When the Affordable Care Act (ACA) was enacted in 2010, it was designed to be implemented in waves, with changes coming every year until the entire plan was fully operational. One provision, the cap (limit) on out-of-pocket healthcare expenses that individuals and families must pay, changes in 2016. The changes will lower the cost to families that run up big medical bills, which is exactly what the ACA was designed to do. Unfortunately, the nation’s biggest employers and the Republican Party are not happy with the coming changes.

Out-of-Pocket Expenses versus Premium Payments

Out-of-pocket expenses (also referred to as cost-sharing expenses) cover the cost of things such as deductibles, copayments, and coinsurance. It does not include premiums for coverage paid through payroll deductions or direct payments to a private healthcare plan provider. The changes in 2016 do not affect or include any aspect of healthcare premiums which make you eligible for medical care in the first place.

The cap on out-of-pocket expenses is limited to medical care for the 10 essential benefits defined under the ACA, which are:

  1. Outpatient care
  2. Emergency room care
  3. Hospital in-patient care
  4. Maternity and new-baby care
  5. Pediatric services that include dental and vision care
  6. Mental health and substance abuse care
  7. Prescription drugs
  8. Diagnostic tests
  9. Preventive services (screenings, vaccinations, counseling, etc.) and management-care services for chronic diseases
  10. Services, therapy, and devices during recovery, disability, or treatment for chronic conditions

Current Out-of-Pocket Cap

Currently, the annual cap for out-of-pocket expenses when healthcare is provided by an in-network medical facility is:

  • $6,600 for individual coverage.
  • $13,200 for family coverage.

In the case of the individual coverage plan, once a person pays $6,600 in out-of-pocket expenses in a given year (coverage period) the healthcare provider pays 100% of all such medical expenses after that.

For family out-of-pocket expenses, once an individual family member’s out-of-pocket expenses reach the cap of $13,200, the healthcare provider pays 100% for all expenses beyond that amount for that individual. The $13,200 cap applies individually to every family member.  The family could pay as much as $13,200 per family member per year.

2016 Out-of-Pocket Cap

Cap limits will be greater in 2016 but the way the caps apply to family coverage will be quite different:

  • $6,850 for individual coverage.
  • $13,700 for family coverage.

The terms for cap limits will be the same for individual coverage as they were before 2016.

For families, the $13,700 cap covers the entire family collectively but the caps on individual family members will be the same as that of a person under an individual coverage plan (6,850). The $13,700 cap is twice that of the individual’s $6,850.

If one family member becomes seriously injured or ill and accrues large medical bills, for example, his/her out-of-pocket expense cap is $6,850. Any expenses beyond that for the individual are covered 100% by the insurance provider.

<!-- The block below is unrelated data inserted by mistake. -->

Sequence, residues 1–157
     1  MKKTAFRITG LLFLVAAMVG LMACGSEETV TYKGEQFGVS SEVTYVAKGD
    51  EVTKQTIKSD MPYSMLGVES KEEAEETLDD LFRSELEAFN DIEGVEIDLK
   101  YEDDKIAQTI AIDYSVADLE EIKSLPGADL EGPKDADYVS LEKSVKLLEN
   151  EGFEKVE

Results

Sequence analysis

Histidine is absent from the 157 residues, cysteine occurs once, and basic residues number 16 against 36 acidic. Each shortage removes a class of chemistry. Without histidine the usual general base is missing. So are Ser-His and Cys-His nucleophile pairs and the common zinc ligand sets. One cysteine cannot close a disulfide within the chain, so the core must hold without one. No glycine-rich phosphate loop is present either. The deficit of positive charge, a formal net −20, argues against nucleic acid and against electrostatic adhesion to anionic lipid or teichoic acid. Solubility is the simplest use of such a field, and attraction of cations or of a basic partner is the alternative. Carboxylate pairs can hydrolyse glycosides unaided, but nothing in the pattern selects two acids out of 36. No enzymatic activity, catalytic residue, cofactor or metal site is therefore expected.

If a second family member suffers a similar fate, his/her out-of-pocket expenses are also capped at $6,850, which would satisfy the family cap of $13,700 per coverage period.

Once the family cap of $13,700 is met, all out-of-pocket expenses for the entire family are covered 100% by the provider.

Critics’ Concerns

Critics of the 2016 change are concerned that employer costs will go up and revisions to existing plans will be required. A letter sent to the White House in June by the ERISA Industry Committee (ERIC) asked to have the 2016 cost-sharing changes (out-of-pocket expense caps) “withdrawn immediately,” saying, “Many employers face a major plan design change or revision to the pricing structure to accommodate the additional cost.” On its website, ERIC describes itself as “the only national association advocating solely for the employee benefit and compensation interests of America’s largest employers.”

In a letter sent in August to the US Department of Health and Human Services, three Republican members of the House of Representatives questioned the Obama Administration’s authority to proceed with the changes.

“Incredibly Important Protection”

JoAnn Volk is a senior research fellow at the Center on Health Insurance Reforms at Georgetown University in Washington, DC. In describing the 2016 cost-sharing changes, she states: “This is an incredibly important protection for people who have significant health care costs. This brings a whole new level of assurance that they didn’t have before the Affordable Care Act.”


  1. "Patient Protection and Affordable Care Act; HHS Notice of Benefit and Payment Parameters for 2016; Final Rule ." Federal Register. National Archives and Records Administration, 27 Feb. 2015. Web. 26 Aug. 2015.
  2. Guarisco Fildes, Annette. "ERIC Urges Agencies to Withdraw New Rule on Out-of-Pocket Limits in Group Health Plans." ERIC / The ERISA Industry Committee. ERIC, 16 June 2015. Web. 26 Aug. 2015.
  3. Ryan, Paul D., John Kline, and Fred Upton. "August 7, 2015, Letter to the Honorable Sylvia Mathews Burwell, Secretary, US Department of Health and Human Services." Bloomberg BNA. Congress of the United States / House of Representatives, 7 Aug. 2015. Web. 26 Aug. 2015.


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